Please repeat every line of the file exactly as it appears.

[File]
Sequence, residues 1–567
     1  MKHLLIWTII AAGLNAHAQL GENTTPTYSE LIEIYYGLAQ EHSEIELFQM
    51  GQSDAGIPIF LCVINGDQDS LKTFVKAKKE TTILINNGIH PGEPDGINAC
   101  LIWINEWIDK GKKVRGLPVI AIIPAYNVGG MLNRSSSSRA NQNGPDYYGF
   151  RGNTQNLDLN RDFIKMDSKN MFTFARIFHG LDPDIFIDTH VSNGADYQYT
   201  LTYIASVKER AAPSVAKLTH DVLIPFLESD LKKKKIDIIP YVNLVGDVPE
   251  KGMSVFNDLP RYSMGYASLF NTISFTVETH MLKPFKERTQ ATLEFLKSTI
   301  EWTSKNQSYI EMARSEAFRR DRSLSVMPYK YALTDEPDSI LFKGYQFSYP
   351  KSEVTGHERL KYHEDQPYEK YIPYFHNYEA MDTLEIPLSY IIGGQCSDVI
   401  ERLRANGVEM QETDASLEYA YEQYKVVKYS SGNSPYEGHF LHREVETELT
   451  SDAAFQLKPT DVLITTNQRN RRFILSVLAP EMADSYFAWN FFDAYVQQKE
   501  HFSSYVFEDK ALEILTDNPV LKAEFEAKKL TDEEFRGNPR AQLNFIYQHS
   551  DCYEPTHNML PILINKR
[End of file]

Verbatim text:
Sequence, residues 1–567
     1  MKHLLIWTII AAGLNAHAQL GENTTPTYSE LIEIYYGLAQ EHSEIELFQM
    51  GQSDAGIPIF LCVINGDQDS LKTFVKAKKE TTILINNGIH PGEPDGINAC
   101  LIWINEWIDK GKKVRGLPVI AIIPAYNVGG MLNRSSSSRA NQNGPDYYGF
   151  RGNTQNLDLN RDFIKMDSKN MFTFARIFHG LDPDIFIDTH VSNGADYQYT
   201  LTYIASVKER AAPSVAKLTH DVLIPFLESD LKKKKIDIIP YVNLVGDVPE
   251  KGMSVFNDLP RYSMGYASLF NTISFTVETH MLKPFKERTQ ATLEFLKSTI
   301  EWTSKNQSYI EMARSEAFRR DRSLSVMPYK YALTDEPDSI LFKGYQFSYP
   351  KSEVTGHERL KYHEDQPYEK YIPYFHNYEA MDTLEIPLSY IIGGQCSDVI
   401  ERLRANGVEM QETDASLEYA YEQYKVVKYS SGNSPYEGHF LHREVETELT
   451  SDAAFQLKPT DVLITTNQRN RRFILSVLAP EMADSYFAWN FFDAYVQQKE
   501  HFSSYVFEDK ALEILTDNPV LKAEFEAKKL TDEEFRGNPR AQLNFIYQHS
   551  DCYEPTHNML PILINKR